They were robbed and at times beaten by smugglers. They held their newborn children above water when crossing rivers that flowed below their necks. All for the chance to reach the United States.
Their journeys lasted months across nine borders. Last year, more than 12,000 Haitians made it to the U.S.-Mexico border city of Tijuana after fleeing Haiti, a country devastated by a catastrophic earthquake and poverty.
In time, thousands of Haitians were allowed into the U.S. and for four months—between June and September 2016—an average of 33 Haitians arrived at a small church in Normal Heights seeking refuge.
“Some nights 12 would come in, other nights there would be 72 coming in,” Christ Ministry Center Pastor Bill Jenkins said. “We became a little refugee camp in the heart of San Diego. Before so many of them were staying on the street.”
In those four months, it became a normal sight for floors at the church to be covered with sleeping bags, inflatable mattresses, and sleeping men and women. The one shower in the building would run day and night, Jenkins recalls.
In September, after the Obama administration announced it was tightening its immigration policy, the City of San Diego also paid a visit to the church. The once unprecedented intake of immigrants—something Jenkins continues to view as a humanitarian crisis—was limited to six people to honor city zoning laws. At one point the number of people staying there topped 300.
The church now gives priority to women and children. Some stay a night, others stay for a couple of months. Just this past month, 10 babies were born while staying at the church. Sandy Berialove Baptiste, who is six months pregnant and currently staying at the church in a small bedroom with two bunkbeds, could soon add to that tally.
The intake of Haitian immigrants has slowed down at the church, in part due to Immigration and Customs Enforcement agents reinstating deportations to Haiti last September for the first time since the 2010. But shelters in Tijuana, dealing with the thousands of Haitian migrants who remain stuck at the border, continue to scramble. Most of these shelters have entered crisis mode, whether it for a lack of beds, blankets or food or simply for not having enough space to house dozens of people every night.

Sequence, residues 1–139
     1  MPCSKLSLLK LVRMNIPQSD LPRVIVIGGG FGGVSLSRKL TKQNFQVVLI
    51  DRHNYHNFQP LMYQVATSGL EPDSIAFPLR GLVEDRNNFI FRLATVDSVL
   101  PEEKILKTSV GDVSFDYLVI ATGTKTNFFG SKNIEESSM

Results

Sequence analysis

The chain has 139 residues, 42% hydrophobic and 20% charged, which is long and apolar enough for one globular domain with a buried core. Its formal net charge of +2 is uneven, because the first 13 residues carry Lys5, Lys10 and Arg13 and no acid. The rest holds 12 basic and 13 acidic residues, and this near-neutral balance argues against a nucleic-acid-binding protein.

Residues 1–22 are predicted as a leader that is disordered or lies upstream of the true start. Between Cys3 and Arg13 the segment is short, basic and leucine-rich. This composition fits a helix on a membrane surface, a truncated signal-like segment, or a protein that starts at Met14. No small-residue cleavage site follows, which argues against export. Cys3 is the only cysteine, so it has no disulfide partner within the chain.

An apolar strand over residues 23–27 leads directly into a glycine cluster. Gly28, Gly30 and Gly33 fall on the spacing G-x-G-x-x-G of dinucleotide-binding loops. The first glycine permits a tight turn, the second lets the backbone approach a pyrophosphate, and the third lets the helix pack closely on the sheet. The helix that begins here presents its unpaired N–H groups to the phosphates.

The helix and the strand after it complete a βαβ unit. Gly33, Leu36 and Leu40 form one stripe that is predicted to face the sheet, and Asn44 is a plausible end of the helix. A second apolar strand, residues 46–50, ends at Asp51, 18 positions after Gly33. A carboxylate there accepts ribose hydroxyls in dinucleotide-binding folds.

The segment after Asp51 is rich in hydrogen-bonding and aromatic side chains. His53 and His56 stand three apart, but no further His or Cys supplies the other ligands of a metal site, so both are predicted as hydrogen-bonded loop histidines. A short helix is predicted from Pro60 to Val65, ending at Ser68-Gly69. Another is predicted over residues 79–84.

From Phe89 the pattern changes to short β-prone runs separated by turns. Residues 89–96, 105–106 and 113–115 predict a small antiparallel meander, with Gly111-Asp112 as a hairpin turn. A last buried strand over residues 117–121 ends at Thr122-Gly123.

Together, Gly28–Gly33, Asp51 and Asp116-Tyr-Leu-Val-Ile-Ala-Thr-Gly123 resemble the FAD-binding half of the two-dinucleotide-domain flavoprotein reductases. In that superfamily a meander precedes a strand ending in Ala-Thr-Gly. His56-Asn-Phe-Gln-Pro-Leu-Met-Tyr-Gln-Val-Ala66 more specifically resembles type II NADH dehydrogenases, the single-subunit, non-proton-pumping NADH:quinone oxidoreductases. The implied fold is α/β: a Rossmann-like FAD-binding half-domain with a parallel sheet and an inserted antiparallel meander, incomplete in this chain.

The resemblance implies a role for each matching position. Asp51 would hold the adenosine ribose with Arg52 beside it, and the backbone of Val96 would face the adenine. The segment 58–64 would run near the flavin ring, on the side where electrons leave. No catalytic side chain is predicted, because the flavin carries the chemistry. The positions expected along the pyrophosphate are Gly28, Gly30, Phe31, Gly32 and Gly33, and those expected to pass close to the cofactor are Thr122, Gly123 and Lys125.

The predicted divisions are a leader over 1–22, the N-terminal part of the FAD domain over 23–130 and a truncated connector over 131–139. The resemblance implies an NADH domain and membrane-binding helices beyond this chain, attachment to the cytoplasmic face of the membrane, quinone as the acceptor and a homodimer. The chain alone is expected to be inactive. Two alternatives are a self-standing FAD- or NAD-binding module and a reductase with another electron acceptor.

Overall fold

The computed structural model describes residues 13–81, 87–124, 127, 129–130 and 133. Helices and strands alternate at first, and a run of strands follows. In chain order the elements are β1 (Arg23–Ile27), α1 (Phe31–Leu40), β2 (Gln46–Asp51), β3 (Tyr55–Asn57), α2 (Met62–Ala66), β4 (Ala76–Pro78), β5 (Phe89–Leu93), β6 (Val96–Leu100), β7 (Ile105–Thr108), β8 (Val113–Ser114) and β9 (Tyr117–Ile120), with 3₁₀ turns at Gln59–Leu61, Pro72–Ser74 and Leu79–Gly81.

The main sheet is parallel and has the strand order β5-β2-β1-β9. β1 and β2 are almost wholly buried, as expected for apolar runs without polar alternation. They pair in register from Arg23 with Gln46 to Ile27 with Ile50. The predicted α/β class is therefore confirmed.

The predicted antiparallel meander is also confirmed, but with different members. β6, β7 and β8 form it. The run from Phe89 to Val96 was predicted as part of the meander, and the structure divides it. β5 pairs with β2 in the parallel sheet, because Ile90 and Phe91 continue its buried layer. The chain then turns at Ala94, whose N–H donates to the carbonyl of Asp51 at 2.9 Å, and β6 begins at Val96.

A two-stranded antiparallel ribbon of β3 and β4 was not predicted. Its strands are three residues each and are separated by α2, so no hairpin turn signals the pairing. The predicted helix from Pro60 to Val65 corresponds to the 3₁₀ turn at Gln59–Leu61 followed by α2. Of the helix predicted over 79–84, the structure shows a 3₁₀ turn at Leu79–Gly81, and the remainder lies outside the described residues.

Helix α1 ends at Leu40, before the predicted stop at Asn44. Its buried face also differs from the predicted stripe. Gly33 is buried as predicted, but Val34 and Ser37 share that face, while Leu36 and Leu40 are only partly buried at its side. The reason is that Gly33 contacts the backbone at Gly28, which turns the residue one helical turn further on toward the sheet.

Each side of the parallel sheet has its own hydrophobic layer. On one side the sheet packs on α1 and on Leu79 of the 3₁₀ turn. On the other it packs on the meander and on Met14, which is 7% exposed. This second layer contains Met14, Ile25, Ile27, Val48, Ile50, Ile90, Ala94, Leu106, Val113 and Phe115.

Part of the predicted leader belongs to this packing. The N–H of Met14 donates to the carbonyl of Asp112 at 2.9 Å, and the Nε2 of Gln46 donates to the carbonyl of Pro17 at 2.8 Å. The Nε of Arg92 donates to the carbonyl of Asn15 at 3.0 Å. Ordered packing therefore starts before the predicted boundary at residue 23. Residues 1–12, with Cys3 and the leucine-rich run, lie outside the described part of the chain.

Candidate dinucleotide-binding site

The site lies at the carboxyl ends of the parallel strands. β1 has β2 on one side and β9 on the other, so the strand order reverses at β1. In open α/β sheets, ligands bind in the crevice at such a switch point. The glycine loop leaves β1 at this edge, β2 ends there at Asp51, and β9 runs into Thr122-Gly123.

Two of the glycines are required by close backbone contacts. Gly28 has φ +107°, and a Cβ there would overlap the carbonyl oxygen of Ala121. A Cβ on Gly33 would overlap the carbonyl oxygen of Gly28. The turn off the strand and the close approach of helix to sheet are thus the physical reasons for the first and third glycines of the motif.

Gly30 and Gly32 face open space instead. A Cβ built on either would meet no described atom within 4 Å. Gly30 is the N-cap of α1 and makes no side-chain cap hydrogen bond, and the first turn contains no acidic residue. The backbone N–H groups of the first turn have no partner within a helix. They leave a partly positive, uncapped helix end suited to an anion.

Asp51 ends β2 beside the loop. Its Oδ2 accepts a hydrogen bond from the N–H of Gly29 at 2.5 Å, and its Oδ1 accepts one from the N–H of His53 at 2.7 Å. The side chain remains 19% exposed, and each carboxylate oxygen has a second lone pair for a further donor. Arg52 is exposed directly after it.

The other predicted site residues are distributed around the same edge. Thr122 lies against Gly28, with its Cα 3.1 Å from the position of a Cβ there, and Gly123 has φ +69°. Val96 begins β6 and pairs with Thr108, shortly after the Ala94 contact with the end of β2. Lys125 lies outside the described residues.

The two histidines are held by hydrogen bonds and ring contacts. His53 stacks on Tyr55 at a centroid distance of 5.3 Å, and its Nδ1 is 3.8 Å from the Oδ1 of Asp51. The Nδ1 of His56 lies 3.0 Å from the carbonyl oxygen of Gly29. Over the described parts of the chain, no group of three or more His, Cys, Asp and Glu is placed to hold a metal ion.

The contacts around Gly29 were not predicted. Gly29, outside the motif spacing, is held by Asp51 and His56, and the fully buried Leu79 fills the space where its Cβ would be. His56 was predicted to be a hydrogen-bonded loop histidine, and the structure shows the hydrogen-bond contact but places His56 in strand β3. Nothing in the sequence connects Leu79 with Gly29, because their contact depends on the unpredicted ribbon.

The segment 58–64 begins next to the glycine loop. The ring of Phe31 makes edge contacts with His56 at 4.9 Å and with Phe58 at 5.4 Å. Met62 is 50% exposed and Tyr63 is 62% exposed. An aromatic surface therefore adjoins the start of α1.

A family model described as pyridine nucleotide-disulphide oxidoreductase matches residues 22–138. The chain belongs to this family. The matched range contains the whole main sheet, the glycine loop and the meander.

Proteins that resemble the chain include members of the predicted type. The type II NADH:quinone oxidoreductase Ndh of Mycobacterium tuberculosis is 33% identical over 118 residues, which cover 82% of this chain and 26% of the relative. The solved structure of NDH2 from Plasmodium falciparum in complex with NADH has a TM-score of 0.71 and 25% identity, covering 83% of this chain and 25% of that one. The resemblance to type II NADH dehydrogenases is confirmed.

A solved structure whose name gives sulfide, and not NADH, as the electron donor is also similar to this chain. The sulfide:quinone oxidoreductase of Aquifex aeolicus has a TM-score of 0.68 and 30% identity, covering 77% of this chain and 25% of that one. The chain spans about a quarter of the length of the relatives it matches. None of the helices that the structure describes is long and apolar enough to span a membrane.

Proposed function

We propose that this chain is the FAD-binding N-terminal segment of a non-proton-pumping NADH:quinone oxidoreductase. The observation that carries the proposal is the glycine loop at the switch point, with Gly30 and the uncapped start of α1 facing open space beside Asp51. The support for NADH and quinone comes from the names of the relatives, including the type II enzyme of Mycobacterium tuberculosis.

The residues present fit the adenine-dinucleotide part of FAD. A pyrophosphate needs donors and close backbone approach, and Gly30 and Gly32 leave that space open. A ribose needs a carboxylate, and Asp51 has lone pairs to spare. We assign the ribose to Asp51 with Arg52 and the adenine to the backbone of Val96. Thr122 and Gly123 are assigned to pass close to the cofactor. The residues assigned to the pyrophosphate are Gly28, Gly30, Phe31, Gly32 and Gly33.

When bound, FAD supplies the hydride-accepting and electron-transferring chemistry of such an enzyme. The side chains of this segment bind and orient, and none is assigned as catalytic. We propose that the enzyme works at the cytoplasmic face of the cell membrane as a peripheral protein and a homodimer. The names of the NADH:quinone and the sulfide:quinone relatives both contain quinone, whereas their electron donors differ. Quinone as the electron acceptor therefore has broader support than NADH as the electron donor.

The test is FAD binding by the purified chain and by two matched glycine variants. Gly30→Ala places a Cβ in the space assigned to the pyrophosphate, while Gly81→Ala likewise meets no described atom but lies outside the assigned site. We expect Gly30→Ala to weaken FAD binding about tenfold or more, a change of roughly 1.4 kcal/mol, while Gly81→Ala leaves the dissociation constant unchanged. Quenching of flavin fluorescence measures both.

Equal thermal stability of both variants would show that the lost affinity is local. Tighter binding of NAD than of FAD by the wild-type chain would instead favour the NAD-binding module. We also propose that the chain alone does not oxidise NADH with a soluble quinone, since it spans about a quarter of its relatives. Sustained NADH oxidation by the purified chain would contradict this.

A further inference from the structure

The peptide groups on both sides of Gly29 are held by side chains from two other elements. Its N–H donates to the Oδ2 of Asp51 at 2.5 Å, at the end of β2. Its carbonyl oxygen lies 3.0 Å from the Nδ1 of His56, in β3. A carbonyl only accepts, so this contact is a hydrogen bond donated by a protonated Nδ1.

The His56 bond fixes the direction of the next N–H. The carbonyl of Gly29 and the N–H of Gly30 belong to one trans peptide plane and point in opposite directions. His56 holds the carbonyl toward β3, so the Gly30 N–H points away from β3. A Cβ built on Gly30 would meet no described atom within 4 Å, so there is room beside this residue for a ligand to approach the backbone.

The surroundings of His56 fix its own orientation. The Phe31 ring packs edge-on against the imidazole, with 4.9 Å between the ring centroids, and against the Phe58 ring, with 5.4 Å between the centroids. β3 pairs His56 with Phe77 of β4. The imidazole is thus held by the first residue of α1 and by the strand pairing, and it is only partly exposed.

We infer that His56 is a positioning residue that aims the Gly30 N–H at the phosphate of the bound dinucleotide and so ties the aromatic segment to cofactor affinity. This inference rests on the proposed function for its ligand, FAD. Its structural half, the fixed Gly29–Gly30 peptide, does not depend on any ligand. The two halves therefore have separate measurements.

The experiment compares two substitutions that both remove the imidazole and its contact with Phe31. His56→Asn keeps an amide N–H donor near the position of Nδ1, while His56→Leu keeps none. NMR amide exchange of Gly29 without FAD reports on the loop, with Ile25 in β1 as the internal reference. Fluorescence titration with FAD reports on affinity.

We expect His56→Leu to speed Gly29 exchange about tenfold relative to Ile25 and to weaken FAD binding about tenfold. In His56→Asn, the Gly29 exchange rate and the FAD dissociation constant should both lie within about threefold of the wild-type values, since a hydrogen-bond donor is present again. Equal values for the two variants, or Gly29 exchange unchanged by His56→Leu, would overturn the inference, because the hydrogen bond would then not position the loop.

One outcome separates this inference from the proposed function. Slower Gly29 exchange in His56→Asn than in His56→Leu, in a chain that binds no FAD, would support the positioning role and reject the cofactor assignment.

On January 5, the Christ Ministry Center announced a cross-border agreement with one of the places taking in the largest volume of Haitian migrants in Tijuana. The agreement was launched when a Santa Cruz man, Paul Johnston, sought to give ongoing aid to the Tijuana shelter but needed an American entity to act as a middleman, for tax purposes.
Coincidentally, the past situation at the Normal Heights church mirrors the ongoing state at Iglesia Embajadores de Jesus in Tijuana, but on a larger scale. Embajadores de Jesus shelters between 300 and 400 Haitians every day.
By word of mouth, Haitians slowly arrived by bus, taxi or on foot to this Tijuana church, which is tucked away in between hills sprinkled with jerry-built homes, goats, and dry brush.
Inside, hundreds of makeshift beds stretch over the floor meant to hold chairs for worshippers. Haitians in need of food, water, blankets and clothes are dependent on donations because the city of Tijuana does not give any monetary aid to this place. The city does donate bags of rice, Pastor Gustavo Banda Aceves said, but it’s not enough for the number of mouths they have to feed on a daily basis.
“A lot of them are children, but we take in everyone,” said Banda Aceves.
Banda Aceves said they are in desperate need of food. Chicken, rice, spaghetti, and tuna are among the most needed, he said.
Access to water, for example, had also been a problem there up until last month. Banda Aceves said it took the Baja California Public Service Commission, three months to install a water pipeline that will give the building access to running water.
In mid-December, Johnston visited the shelter. On that day, the main concern was how to help those stuck in Mexico.
“Not everyone is going to be able to cross and we need to do what we can to help those who will stay,” Johnston said.
So far, $700 have been donated and Jenkins says it will go directly to buy food across the border, pay for some utility bills at the church and other necessities.
“If you want to donate and trust us, we will use the money for good,” Jenkins said. “We were there, and we know what it’s like to have need.”